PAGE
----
Tag Archives: Woodcarving

Brad Ormand - Hexagon Craftworks Pine 10 inch drum

03.03.2017 – Pine and Cedar drums

I’ve been making more and more drums over the winter – I have 7 or 8 now under my belt.  I’m making them because I want to become great at making them – tone, playability, looks, pitch, toughness, beauty, record-ability – all of that – but also because I am doing R&D for Hexagon Craftworks, trying to ramp up to being able to sell a very nice set of items that people will love having in their set of instruments.  I also enjoy the creative process of doing it.  I have made a few improvements with these two, and every time I do one, it gets better.

P I N E   D E C A G O N   D R U M

First, I made a pine-based decagon with 10 sides.  It’s about 10″ wide by 11″ deep.  I have always loved the knots and grain of pine, and it’s look when it’s stained dark.  Before stain, the drum shell was almost white!  Very light.  Pine gets “fluffy”, too – it takes stain deeply and I had to sand the hell out of it, with 60, 150, up to 400, and it came out great!  The reddish stain sank in and gave it a super-awesome look after the clear.

Brad Ormand - Hexagon Craftworks Pine 10 inch drum

The tone of this drum has the best tone from any drum I have made so far!  And, it’s light.  Maybe the shell resonates more?  I don’t know.  An oak drum that has half the dimensions still weighs twice as much as this (roughly).  The oak ones have their own kind of tone, but this one just came out great with a thicker goat skin.

As I said, the wood is softer, and that comes with advantages and disadvantages.  The advantage is that it’s easy to sculpt, and part of the disadvantage is that… it’s easy to sculpt!  Make one mistake trying to carve that logo in there and it’s very hard to overcome, so I had to be extremely careful carving detail this wood.  But, using the router and sanders to shape it was a great experience.

C E D A R   D E C A G O N   D R U M

I made another 10-sided drum from cedar, but this time I went crazy and made the width 4″ and gave it a foot height.  This thing “pops”!  I love this drum, too!  An added benefit with this one is that it just matches my arm length with my fingers on the head, so I can get my upper arm behind the drum and use it to bend the pitch when I need to without using an extra hand – nice advantage.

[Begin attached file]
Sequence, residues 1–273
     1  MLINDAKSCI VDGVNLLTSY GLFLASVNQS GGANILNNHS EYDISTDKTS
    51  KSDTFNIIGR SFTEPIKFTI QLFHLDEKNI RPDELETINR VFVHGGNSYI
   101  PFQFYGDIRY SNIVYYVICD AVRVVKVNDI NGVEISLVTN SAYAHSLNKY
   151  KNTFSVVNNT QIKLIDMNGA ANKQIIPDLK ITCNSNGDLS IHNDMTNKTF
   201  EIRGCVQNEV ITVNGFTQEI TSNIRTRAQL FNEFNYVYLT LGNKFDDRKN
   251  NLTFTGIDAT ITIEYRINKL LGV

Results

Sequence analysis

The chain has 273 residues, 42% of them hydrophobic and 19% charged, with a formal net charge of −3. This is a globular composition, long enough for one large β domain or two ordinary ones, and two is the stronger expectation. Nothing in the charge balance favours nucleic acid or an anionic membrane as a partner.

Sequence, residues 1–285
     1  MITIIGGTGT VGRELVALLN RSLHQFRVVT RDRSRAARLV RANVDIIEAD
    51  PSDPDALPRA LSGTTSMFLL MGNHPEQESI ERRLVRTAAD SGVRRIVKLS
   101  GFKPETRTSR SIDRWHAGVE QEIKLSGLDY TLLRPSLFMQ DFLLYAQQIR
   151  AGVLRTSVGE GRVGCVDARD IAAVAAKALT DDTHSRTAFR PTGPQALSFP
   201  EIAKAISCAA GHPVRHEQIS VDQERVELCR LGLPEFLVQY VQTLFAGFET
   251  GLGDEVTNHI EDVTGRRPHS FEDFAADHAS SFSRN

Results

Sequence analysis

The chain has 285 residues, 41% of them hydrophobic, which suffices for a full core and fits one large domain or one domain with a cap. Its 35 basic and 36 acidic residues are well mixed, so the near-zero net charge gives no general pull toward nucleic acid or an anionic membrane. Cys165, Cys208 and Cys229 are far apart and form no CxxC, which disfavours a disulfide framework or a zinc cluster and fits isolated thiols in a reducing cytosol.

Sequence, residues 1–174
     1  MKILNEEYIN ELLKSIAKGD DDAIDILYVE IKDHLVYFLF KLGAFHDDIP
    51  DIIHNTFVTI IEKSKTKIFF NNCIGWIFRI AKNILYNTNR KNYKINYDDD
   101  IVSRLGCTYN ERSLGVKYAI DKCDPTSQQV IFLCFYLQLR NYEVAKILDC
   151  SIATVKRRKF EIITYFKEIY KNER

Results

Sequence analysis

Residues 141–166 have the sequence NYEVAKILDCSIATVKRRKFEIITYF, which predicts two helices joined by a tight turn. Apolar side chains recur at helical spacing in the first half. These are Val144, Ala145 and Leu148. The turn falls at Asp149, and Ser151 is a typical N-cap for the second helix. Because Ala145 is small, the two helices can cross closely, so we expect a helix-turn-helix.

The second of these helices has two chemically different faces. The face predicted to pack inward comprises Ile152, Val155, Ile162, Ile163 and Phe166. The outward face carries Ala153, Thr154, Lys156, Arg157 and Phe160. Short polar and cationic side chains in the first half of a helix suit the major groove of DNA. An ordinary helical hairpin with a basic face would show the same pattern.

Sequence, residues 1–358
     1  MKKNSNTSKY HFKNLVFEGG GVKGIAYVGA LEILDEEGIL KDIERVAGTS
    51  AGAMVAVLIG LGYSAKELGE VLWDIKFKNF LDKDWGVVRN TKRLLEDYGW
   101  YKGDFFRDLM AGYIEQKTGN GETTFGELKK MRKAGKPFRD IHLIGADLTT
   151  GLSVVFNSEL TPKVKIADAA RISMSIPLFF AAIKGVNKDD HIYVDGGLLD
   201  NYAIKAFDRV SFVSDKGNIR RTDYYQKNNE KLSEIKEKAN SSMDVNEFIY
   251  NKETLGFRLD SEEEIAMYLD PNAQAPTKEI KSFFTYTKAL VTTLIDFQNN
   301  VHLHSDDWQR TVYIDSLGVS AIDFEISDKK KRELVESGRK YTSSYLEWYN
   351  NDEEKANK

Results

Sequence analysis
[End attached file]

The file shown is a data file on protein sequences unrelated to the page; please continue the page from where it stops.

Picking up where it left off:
Brad Ormand - Hexagon Craftworks Cedar 4 inch drum

The wood is of course darker in color so the added stain on top makes it darker than the reference.  I used a charcoal-like stain on this one and it came out great!  I did the straps differently on this one and I really like it.  It’s a better “system” for keeping the skin tight, plus managing the exposed strap.  I will do this more.

Now I know what seems to be the limit of a medium-thickness head – I’d say about a 4-inch diameter.  I think it would have been better to use a lighter gauge head on it as the tone is a bit muted, but still has some good overtones – actually probably pretty useful for mic’ing it up, but I do enjoy a small drum that is rather spilling out with higher harmonics.  I also made the bearing edge more rounded, so that affects it.  It still sounds really good and unique and I love playing it.

I N   T H E   E N D

After it’s all said and done, these drums are my favorites, and they’ve gotten great response from the initial groups I have shown them to – from both players and collectors, and including general art and music enthusiasts.  I try to get the most honest feedback from people as possible to help me identify what people are liking and what they would like to see better.  That’s for the market research, but I also just take them to jam sessions to actually play and have fun, as well. 🙂

Brad Ormand - Hexagon Craftworks Drum Clamps

I have a few more drums I’ll do in March, one with more exotic wood, one with a thinner oak, and another with pine.  And, I’d love to do one with birch!  I’ll do some lighter tints and experiment with mixing paint with some of the stain to get a vingette effect around the borders.  Also, I will do at least one with more carving detail around the sides, like a plant sprouting out or hanging from the top.  And, there’s even the idea of making a drum from a geometric platonic solid – that would be super awesome cool!  Still working on that one…  Lots of ideas, I just gotta keep on making and making!

Hexagon Craftworks Label 3x2 Black

06.04.2016 – Hexagon Craftworks

I’ve started a business!  I’ve been writing about my ideas in this blog for months about it, and the time has finally come.  I took care of all of the logistics and legal stuff, got set up with a great online platform, got some business partners / affiliates, and I did a lot of designing, coding, and talking.  It’s live.  I named it: Hexagon Craftworks, because of my love for geometry and also because of the geometrical usage in my artwork.